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While Southern California Edison pushes forward with a revised plan to restart operations at one of the two San Onofre Nuclear Generating Station reactors that have been in emergency shutdown since January, state energy officials are bracing for a potential scenario that envisions the plant remaining shut down through 2013 and beyond.

“In talking to the NRC (Nuclear Regulatory Commission) and Edison, it was pretty clear that as we implement this summer's plan, it was time to start working on a plan for 2013 and 2014,” Robert Weisenmiller, chairman of the California Energy Commission, told the North County Times. “That plan will be based on having neither unit of San Onofre available. That's a worst-case assumption.”

Suggestions from local utility San Diego Gas & Electric as to how to make up future shortfalls include encouraging further energy conservation by customers, upgrading transmission lines to import more power (the massive Sunrise Powerlink connecting to the Imperial Valley recently came online), and potentially bringing new generators online locally.

One proposed new plant, however, has drawn opposition from Santee locals and was recently shot down by the local planning commission. Another proposed plant in Carlsbad seems more likely to be approved, but in the short term it’s unlikely that either of these would provide an immediate stopgap for the loss of San Onofre.

Meanwhile, public radio station KPCC reports that Edison plans to apply to the Nuclear Regulatory Commission to restart one of its two reactors and operate at 70 percent power for a six-month trial. A spokesperson for the utility cautioned that dates were only established for planning purposes and reiterated the company line that no action would be taken until all parties involved had deemed the reactors safe for operation.

Edison backed away from a similar proposal in May, and the idea of operating under reduced power has been roundly panned by nuclear industry critics, including former Sacramento Municipal Utilities District general manager S. David Freeman.

Meanwhile, Riverside’s Press-Enterprise reports some confusion over whether San Onofre sits on a portion of coastline considered to be in a “tsunami zone.”

Press-Enterprise writer Alicia Robinson reported difficulty in obtaining an official statement from Edison on the matter, but was able to pose the question to Nuclear Regulatory Commission spokesperson Victor Dricks.

“I wouldn’t use that terminology . . . The plant is located in an area that could be affected by earthquakes and tsunamis, and it’s designed to be able to operate and safely shut down if one were to occur,” Dricks told Robinson.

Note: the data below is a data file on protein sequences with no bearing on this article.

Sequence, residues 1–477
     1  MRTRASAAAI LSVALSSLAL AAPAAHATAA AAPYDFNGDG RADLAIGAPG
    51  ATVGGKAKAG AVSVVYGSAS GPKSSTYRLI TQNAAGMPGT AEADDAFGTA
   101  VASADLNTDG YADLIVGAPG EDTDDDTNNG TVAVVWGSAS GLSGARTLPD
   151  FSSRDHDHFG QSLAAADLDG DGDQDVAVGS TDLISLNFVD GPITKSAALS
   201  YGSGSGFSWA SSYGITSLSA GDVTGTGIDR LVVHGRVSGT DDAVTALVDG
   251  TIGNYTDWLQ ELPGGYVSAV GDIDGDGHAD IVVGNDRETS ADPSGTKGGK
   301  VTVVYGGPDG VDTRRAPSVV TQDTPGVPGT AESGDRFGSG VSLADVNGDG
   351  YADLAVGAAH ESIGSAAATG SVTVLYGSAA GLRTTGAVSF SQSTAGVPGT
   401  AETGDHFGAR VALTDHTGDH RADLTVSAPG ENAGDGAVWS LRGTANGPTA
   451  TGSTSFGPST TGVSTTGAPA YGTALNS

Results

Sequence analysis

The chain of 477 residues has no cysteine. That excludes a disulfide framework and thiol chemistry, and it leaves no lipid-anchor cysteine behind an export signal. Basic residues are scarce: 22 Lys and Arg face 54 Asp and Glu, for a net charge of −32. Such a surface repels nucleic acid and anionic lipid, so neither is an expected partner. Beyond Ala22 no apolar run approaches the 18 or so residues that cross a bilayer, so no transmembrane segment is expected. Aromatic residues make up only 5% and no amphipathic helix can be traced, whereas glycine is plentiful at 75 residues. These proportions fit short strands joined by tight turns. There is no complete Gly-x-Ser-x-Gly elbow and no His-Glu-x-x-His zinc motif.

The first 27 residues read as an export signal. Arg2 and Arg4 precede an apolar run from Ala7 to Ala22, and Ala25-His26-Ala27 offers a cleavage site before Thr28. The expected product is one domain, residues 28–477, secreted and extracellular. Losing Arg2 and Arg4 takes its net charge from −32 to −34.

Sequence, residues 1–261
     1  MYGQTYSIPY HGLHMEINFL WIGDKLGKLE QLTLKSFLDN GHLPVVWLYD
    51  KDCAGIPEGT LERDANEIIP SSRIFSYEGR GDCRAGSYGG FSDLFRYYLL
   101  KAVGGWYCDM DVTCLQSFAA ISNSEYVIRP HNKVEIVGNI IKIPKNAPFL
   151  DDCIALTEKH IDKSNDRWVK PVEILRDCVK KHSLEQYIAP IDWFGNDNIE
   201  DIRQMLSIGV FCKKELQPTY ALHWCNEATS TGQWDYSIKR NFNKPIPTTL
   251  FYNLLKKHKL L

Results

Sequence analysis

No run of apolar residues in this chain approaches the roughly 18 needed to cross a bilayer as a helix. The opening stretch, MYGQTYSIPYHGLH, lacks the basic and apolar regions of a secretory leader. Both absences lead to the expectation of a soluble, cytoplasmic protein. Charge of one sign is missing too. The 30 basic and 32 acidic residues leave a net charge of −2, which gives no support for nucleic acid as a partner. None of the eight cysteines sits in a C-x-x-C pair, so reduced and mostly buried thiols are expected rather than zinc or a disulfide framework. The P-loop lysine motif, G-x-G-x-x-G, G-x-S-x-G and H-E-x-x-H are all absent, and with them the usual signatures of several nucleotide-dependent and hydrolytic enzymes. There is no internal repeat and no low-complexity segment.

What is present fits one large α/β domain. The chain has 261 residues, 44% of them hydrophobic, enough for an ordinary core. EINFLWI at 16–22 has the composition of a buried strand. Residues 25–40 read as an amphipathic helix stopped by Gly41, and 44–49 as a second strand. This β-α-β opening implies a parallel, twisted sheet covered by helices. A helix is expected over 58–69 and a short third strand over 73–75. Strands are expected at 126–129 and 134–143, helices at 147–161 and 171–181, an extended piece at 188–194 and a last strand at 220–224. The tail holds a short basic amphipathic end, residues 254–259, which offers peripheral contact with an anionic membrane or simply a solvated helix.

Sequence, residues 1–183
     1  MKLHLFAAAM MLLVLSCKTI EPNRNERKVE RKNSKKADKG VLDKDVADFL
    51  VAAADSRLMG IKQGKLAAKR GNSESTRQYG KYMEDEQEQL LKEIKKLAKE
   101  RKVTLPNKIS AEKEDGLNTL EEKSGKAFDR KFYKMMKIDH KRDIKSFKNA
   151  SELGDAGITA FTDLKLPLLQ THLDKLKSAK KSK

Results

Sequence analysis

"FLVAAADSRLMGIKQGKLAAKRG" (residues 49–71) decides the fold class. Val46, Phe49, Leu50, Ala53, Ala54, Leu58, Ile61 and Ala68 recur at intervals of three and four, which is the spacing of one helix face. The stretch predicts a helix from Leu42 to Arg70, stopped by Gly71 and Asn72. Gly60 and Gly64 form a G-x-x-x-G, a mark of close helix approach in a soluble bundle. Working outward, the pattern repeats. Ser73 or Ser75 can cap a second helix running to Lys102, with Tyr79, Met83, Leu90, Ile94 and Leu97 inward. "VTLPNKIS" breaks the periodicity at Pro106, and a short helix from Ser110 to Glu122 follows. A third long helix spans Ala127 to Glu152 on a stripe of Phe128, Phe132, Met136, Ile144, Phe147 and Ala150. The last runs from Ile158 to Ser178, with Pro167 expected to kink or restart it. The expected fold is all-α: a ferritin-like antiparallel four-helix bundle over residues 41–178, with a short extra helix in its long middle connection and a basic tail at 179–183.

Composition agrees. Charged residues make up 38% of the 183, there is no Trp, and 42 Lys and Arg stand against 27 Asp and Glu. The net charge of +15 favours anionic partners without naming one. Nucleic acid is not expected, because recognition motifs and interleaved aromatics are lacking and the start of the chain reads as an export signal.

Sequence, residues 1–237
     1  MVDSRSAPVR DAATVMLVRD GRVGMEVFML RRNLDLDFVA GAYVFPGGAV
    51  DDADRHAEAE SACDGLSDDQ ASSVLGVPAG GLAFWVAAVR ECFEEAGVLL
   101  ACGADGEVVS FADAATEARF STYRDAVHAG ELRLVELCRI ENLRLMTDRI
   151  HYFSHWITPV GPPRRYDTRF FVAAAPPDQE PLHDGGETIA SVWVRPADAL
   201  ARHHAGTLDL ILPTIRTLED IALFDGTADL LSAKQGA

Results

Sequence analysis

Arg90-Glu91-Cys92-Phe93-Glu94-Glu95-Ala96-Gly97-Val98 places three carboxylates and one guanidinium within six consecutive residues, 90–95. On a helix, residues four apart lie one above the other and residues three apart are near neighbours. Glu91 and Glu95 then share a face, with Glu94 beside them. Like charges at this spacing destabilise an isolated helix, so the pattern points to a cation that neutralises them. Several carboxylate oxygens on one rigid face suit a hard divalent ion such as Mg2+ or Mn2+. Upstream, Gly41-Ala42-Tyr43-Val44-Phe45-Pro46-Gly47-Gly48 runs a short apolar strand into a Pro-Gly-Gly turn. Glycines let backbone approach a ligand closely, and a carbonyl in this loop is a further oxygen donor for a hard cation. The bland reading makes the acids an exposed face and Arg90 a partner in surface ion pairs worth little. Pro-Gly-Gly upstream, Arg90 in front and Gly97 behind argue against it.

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Founder July 24, 2012 @ 11:55 a.m.

More Great Articles:

How Broken Is the San Onofre Nuclear Plant? Also has whistle blower comments. http://is.gd/pF46y1 and

Calif. energy officials plan for longer San Onofre nuclear plant shutdown http://is.gd/UlUgDL


Founder July 24, 2012 @ 11:58 a.m.

RE: "The plant is located in an area that could be affected by earthquakes and tsunamis, and it’s designed to be able to operate and safely shut down if one were to occur,” Dricks told Robinson."

That is exactly what the Japanese thought before 3/11/11...

The really big question is how big an earth quake would it take to cause a meltdown like Fukushima...

Too bad Mr. Victor Dricks does not have that answer....


Founder July 26, 2012 @ 9:06 a.m.

Here is a JPEG file of the wind rose from the Jan. 2011 San Diego County Nuclear Emergency Response Plan superimposed over the 160 mile evacuation zone contemplated by the former Prime Minister of Japan Naoto Kan and his nuclear experts in the early days of the triple meltdown at Fukushima Daiichi in March 2011 when TEPCO was about to abandon the out of control power plant.

The map says that the surrounding public (most of So. California) is at the mercy of the wind in the event of a nuclear disaster at San Onofre. The long arrows that point SW and SSW represent the offshore winds at night but those winds turn onshore when the inland areas heat up in the morning. Those arrows are deceiving.

The public needs to know this information. It is in stark contrast to the 10 mile EPZ (red dot) that the Inter-jurisdictional Planning Committee in Orange County uses to plan for a nuclear disaster at San Onofre.


Founder July 27, 2012 @ 11:45 a.m.

Here’s the link to their Emergency Plan page: http://sanonofresafety.org/emergency-planning/ http://wp.me/P1YIeo-4f

Here’s a link to just the map. Note the map is clipped, so the critical information will be larger on the webpage. http://sanonofresafety.files.wordpress.com/2011/11/evacuation160milessquare.jpg

Here’s a link to the unclipped map: http://sanonofresafety.files.wordpress.com/2011/11/evacuation160miles.jpg

For Comparison ONLY: Here is a US gov’t map which shows radioactive particles took direct route to Tokyo after Reactor No. 3 exploded



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